Literary Orphans

Two Poems by Michael O’Neill

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Treating Women Like Used Books

Standing in the library, I stare at the writings

of dead men. Turning the pages of bullet

 

wounds and broken spines. The faded

words that speak of tall tales and love

 

lost. All the letters jump out from the

paper and parade in front of my shotgun

 

eyes, daring me to shoot. My mind jumbles

and spins like carbines repeatedly misfiring.

 

The only gun I hold is hidden behind the

reflection of my glasses. And when I try

 

to put you out of your misery I always

blink at the wrong time, as if I’m too

 

afraid to pull

 

the trigger.

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Honeybee

I’ve heard it said that it takes the entire life’s

work of eight bees to produce just one teaspoon

 

of honey, and I don’t know if I feel bad, or just

worthless, as I lift my spoon overtop this stale

 

piece of bread, a litter of stingers lying at my

feet. I do know that I have never worked at

 

something so long and with such dedication to

taste any lasting sweetness on my lips or even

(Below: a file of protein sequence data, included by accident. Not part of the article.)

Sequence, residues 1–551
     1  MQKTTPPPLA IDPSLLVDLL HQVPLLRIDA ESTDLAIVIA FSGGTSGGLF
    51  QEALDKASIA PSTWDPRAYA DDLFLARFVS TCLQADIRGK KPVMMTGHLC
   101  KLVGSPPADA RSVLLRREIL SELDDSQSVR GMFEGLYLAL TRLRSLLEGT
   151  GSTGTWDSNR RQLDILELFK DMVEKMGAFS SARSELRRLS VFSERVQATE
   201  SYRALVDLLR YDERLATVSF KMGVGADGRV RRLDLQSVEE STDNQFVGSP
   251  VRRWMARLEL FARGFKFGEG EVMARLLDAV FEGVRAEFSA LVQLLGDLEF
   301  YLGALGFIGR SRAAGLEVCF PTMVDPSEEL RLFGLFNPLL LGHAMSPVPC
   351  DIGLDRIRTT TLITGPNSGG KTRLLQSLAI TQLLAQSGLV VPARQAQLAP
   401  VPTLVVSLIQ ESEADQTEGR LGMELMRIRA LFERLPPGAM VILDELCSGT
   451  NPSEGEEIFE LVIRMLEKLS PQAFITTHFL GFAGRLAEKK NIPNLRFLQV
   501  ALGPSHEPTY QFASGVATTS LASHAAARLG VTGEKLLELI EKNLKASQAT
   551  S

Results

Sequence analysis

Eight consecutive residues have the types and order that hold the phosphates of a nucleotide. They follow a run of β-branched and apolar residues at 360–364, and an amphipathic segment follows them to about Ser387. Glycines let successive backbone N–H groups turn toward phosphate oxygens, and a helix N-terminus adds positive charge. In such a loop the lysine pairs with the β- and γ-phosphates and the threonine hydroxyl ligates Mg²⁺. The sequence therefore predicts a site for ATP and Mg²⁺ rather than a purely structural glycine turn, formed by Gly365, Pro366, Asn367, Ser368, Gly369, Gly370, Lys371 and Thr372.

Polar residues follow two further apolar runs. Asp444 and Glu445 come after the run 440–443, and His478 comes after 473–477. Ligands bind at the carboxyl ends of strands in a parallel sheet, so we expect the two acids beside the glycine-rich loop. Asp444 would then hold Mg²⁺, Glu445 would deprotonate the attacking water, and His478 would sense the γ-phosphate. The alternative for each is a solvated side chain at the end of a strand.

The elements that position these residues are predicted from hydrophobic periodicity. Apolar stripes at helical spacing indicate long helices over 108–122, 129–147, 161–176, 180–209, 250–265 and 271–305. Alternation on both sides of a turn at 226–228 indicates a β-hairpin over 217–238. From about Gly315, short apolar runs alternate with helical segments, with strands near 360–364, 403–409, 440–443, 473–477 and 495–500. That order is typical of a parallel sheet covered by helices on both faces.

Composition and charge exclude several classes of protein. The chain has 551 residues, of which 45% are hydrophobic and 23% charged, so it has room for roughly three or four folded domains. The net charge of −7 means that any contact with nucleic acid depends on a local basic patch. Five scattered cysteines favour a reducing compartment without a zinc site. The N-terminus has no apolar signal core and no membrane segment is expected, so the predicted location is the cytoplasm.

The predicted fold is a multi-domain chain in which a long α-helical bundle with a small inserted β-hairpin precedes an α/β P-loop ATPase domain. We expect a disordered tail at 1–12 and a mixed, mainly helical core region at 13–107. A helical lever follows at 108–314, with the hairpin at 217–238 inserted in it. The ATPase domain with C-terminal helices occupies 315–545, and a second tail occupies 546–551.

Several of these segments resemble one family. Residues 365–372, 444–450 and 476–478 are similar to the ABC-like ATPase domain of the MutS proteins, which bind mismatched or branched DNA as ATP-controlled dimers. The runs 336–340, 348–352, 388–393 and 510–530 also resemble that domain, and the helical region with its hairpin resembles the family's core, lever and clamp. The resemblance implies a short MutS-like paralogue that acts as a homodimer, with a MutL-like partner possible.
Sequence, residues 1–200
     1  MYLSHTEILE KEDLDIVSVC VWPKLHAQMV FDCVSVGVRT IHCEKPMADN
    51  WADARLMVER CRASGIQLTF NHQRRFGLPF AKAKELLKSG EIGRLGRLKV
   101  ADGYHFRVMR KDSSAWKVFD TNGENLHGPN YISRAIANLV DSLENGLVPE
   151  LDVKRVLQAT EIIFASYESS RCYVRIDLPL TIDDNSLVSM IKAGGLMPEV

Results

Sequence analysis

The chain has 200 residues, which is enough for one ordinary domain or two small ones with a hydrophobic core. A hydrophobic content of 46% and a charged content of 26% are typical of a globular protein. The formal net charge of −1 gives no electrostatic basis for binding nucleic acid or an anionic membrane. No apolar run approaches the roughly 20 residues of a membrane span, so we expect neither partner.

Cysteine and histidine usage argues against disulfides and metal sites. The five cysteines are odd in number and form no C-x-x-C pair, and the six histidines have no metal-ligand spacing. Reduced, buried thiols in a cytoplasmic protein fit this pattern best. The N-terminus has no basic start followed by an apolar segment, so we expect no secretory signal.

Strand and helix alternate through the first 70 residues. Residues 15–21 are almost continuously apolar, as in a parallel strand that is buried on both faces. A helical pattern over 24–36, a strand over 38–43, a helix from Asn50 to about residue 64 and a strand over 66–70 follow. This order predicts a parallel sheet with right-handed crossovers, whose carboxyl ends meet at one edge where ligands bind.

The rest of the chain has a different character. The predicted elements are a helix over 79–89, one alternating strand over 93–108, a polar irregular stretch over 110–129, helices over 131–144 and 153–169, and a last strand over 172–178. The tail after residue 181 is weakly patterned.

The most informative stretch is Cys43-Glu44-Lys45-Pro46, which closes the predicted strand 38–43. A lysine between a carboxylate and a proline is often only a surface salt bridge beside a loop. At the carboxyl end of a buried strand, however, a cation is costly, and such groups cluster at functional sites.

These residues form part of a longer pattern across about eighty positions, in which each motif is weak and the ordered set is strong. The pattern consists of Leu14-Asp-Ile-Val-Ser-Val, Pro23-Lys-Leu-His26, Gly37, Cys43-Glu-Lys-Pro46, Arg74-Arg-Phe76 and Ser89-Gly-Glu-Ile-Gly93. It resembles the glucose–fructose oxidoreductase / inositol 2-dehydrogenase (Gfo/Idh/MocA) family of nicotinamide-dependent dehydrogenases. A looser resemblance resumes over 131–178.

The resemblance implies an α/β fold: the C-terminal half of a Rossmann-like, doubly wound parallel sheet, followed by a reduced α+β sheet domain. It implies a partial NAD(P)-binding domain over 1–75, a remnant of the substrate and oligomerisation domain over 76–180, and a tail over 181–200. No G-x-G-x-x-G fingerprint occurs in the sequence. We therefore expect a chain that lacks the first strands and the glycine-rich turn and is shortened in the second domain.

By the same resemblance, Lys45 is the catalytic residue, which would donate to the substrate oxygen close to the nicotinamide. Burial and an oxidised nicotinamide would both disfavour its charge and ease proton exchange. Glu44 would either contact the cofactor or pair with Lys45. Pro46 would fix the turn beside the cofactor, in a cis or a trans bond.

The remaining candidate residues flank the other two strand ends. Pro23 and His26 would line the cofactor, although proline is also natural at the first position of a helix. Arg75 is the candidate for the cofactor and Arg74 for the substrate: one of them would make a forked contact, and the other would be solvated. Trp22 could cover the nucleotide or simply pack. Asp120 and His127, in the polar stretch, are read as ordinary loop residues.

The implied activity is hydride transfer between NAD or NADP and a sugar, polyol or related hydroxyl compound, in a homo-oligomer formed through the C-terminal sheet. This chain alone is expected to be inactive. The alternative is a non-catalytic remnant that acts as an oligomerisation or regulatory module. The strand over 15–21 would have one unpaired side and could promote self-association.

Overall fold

the feeling of accomplishment that comes from

a life well spent. And I don’t know if a honeybee

 

is inherently aware of his role in the world, or if

he feels content at the end of the day knowing

 

that his task is complete, or on his deathbed, there

among his family of other dying bees, together,

 

yet alone in his honeycomb, does he weep for

himself knowing that it is a human such as I that

 

will suckle upon his crowning victory? And to

think, I didn’t even wash this spoon before I used it.

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Michael O’Neill is a fiction and poetry writer residing in Chicago. His work has appeared in Flash Fiction Magazine, unFold Magazine, Nanoism, and Cuento Magazine, among others.

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–Art by Charles Simms